Showing posts from April, 2010

Shetland Geese, Shachah, lambs

Shachah likes to sleep on his back.  He no longer stays inside our fences. Here he has decided to sleep in the driveway.  I guess we'll have to get some invisible fencing to run along the front of our property so he won't go to the neighbors.  I like him to be able to guard our whole property, including my birds and the rams during the night, so I'm not sure about penning him up with ewes again after lambing is over.
Here Shachah tries to get to know the geese. I had let them out earlier to graze freely, but I was afraid they might give Shachah some grief and who knows how he would react to that. I didn't want anyone getting hurt, so I quickly set up this little pen and pulled out their pool.
I noticed the Shetland goose egg was missing the other day.  I'm not sure if the geese are breaking their own eggs, or if something is getting in there during the night. I gave them more bedding to cover up the eggs that are laid.  And I figured their swimming pool would give th…
Lana's lamb - her name came to me this morning - she will be Ebony.

Rhisa sleeping
Life has been so busy around here this week! In addition to lambing, we had a stock pond dug out in the 20 acre pasture of our Ogilvie land on Thursday.  I haven't seen it yet.  Hopefully I can get over there this afternoon. We'll need lots of rain to fill it up. Then on Friday we had some fill brought in to level out the paddock south of pole barn here.  We used all of our precious aged compost as topsoil over the fill - I should have saved some for my planters.

As long as we had all the big machinery here, we also had the pole barn cleaned out.   So that meant booting all the sheep out for the day. And it was a beautiful sunny day. Hannah found that a twin can come in handy as a pillow when mom's tired. She did a good job of keeping her babies out of the wind. They had a great time later joining in the lamb races.
The sheep waste a lot of hay over the course of the year and it really buil…

Twin Ewe lambs from Hannah

After a long night and an equally long day of watching and checking on poor hugely pregnant Hannah, twin ewe lambs were born last evening. One was born about 6:15 (about 15 minutes after talking with a vet on the phone) and the other about 8:45 (again about 15 minutes after talking with the vet).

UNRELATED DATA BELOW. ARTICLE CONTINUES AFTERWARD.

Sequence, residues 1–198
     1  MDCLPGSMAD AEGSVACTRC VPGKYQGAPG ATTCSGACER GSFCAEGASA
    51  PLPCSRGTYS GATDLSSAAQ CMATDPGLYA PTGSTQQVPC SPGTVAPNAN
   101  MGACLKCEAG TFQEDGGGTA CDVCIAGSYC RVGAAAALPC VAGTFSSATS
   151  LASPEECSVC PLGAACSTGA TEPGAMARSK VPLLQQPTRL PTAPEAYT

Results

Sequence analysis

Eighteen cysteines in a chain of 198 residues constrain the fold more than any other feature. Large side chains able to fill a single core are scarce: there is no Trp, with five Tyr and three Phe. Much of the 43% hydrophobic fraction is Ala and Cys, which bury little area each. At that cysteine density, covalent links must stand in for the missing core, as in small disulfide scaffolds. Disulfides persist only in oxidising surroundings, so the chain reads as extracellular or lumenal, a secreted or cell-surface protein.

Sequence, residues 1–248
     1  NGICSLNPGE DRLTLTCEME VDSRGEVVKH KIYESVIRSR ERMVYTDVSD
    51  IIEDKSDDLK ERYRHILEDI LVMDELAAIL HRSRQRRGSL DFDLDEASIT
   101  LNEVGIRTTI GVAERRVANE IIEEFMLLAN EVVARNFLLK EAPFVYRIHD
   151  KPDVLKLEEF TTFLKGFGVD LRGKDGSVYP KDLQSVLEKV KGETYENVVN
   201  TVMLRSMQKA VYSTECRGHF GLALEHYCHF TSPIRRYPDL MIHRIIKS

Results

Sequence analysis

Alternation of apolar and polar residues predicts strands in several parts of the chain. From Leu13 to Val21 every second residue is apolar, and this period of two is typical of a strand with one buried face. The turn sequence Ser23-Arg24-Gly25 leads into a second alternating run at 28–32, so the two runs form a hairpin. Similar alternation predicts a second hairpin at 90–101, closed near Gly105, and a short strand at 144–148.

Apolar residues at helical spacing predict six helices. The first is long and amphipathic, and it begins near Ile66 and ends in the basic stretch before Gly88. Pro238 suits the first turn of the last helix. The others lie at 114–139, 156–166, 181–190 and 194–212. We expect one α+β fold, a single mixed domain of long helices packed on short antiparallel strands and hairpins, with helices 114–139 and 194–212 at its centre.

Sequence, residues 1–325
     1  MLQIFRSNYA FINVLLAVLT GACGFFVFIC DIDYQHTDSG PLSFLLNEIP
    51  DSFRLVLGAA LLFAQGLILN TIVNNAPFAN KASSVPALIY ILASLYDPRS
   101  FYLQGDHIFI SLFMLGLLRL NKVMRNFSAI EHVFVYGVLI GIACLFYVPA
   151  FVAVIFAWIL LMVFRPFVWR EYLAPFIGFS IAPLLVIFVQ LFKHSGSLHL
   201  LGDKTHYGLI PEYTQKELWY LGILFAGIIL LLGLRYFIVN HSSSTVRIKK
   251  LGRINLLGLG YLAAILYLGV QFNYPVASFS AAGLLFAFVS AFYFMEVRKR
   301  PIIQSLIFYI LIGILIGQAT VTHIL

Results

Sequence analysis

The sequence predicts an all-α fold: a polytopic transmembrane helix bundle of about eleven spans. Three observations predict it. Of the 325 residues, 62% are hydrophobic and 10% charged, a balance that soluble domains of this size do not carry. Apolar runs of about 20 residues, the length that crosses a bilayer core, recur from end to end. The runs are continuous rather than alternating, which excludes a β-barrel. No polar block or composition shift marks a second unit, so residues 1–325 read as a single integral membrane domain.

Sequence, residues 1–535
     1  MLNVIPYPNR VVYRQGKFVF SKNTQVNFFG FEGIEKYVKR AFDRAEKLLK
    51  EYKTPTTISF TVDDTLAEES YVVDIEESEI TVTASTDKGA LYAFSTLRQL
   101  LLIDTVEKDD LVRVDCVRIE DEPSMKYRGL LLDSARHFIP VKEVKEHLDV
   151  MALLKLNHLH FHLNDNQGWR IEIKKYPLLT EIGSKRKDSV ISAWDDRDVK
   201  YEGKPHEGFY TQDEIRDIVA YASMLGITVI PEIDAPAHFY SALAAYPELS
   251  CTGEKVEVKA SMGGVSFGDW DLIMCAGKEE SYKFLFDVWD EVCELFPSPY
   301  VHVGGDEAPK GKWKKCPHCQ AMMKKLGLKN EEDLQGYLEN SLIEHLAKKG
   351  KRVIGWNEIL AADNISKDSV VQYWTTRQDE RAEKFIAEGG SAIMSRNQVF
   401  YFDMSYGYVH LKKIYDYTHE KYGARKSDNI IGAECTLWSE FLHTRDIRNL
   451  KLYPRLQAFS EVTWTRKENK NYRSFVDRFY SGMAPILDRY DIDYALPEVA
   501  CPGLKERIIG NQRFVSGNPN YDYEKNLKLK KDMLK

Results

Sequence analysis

The worry watch started when I saw that suddenly Hannah's bag had swelled up like a water balloon and was very warm.  I checked on her through the night every 2 hours.  She stayed inside the pole building so I knew she was close. 
Yesterday morning she was noisy and uncomfortable, bellowing from inside the barn. Not a happy girl at all.  I kept watching her and although she was quite uncomfortable, I couldn't see any regular contractions starting up and no water bag.  One or two possible contractions, but nothing definite.  Usually my girls lave their lambs out within an hour of acting this way. By late afternoon with still no sign of a water bag, I started worrying that a lamb could b…

Lana's Ewe Lamb and Lanora's Boy

River Oaks Lana had a ewe lamb all dried off and fed when I went out to feed the sheep on Sunday morning.  I think she may be modified, her skin looks rather brownish, but her fleece is black.  She weighed 7 lbs.  Only half as much as Lanora's ram lamb who was born Saturday morning.
I'm trying to think of a name for him. His sire is Granite, so I was thinking of maybe Slate, but then I thought maybe Glacier... Still thinking.  He was quick to nurse after birth and his was a trouble free BFL lambing except for that spurting cord.
Here he is Sunday morning, with his mom a full sister behind him on the left and yearling Shetland ewes, Freya, Cleo, and Freida on the right. He went out on pasture with mom and old sister Rhisa that day. I had to band their tails tonight, I just hate doing that.  Glad it's over now.